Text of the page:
Always Be Graduating or; This State’s Colleges Earn State Funding — but How They Do it Will Blow Your Mind
“ABC! Always be closing! AIDA. Attention, interest, decision, action. Attention — do I have your attention? Interest — are you interested? I know you are because it’s f–k or walk. You close or you hit the bricks! Decision — have you made your decision for Christ? And action. A-I-D-A; get out there! You got the prospects coming in; you think they came in to get out of the rain? Guy doesn’t walk on the lot unless he wants to buy. Sitting out there waiting to give you their money! Are you gonna take it?”
Long before Alec Baldwin was having sass contests with Tina Fey and leaving unfortunate voice mails, he delivered those lines as a part of a now famous scene from Glengarry Glen Ross, a film about four real estate salesmen dealing with the stress of making sales in various ways. Baldwin’s character is brought in to motivate the salesmen toward making bigger sales more often.
Last year, the Ohio state government gave the publicly funded universities a similar speech, though with admittedly less flash. State funding, traditionally based on enrollment, was now to be decided by how many students a school successfully graduated. Always Be Graduating.
Reaction to the change in funding has been mixed. Those in support of the change have championed the idea that performance based funding will ultimately force universities that allow anyone through the doors to tighten their admissions policies. They also say it will discourage colleges from tolerating students who flounder from major to major without making much progress toward a degree.
The opposition — and there is much in the higher education community — fear the change focuses too much on the bottom line and not enough on the quality of the product; you, the student. Their fear is rooted in the idea that if funding is tied to graduation, college administrations will pressure their faculty — especially adjuncts and untenured full timers — to lower their academic standards to ensure students cruise through the program in four years.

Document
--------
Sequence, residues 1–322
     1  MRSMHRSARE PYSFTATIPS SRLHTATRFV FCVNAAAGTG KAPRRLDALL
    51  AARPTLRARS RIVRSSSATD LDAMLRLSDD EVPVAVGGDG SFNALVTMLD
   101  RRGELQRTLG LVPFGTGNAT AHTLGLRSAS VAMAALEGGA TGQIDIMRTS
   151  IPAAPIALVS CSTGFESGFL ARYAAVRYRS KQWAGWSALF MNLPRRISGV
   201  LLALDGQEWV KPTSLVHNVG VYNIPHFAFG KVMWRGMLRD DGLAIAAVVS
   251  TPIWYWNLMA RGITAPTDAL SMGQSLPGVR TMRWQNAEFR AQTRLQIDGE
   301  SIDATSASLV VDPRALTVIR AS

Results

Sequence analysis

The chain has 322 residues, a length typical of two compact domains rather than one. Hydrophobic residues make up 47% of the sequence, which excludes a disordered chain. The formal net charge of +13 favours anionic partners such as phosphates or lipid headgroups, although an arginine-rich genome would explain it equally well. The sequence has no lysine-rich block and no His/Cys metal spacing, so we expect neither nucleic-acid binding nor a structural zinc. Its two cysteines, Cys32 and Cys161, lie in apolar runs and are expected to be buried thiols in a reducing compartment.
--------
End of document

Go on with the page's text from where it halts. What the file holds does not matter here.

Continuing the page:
As with most things, both funding models have their upsides as well. If funding is based on performance, it removes a college’s incentive for scheduling classes in such a way that forces students to stay an extra semester to finish one or two upper division classes for their major. That of course is just an example — we can’t think of any college that has ever participated in that kind of activity.
Performance based funding encourages colleges not to tolerate students who see school as more of a seven year life experience as opposed to a four year gauntlet. This is good for the state, of course, as the quicker people graduate the less state and federal funding has to be allocated to universities.
On the flip side, enrollment based funding is sort of like a clickbait article. The headline seems really promising and enticing — come on in! Challenge yourself against your peers! Grow and have all sorts of life experiences, discover yourself, discover your passions! Let us be the guides to the Best Years of Your Life!
Then you click the link — enroll — and it turns out things aren’t as glossy as may have been promised. The first two years feel like a rehash of your high school coursework since keeping enrollment up means letting as many people in as possible, and that requires a low bar.
But then what can be said of making higher education available to as many people as possible? Isn’t a workforce full of college graduates a stronger workforce than a workforce without? Isn’t it worth the extra money and time to ensure that we provide a means of class mobility for the less fortunate through accessible higher education?
You see the rub.
So what is the best way to justify to the state that a college deserves funding?
We certainly don’t know. If we did we wouldn’t be writing for a college newspaper, we’d be consulting with the government.
What we do know is this; the downside to each model is hinged on the idea that when faced with adversity, college administration and faculty will buckle and sacrifice their integrity for the sake of funding.
So let’s all make a pact. Students, we’re going to start respecting that our professors and their bosses have higher powers breathing down their necks at all times and their sole purpose on this planet is not exclusively tied to our goals and issues. Faculty — you keep the dream alive. Administration — don’t sell us out.
That ought to do it.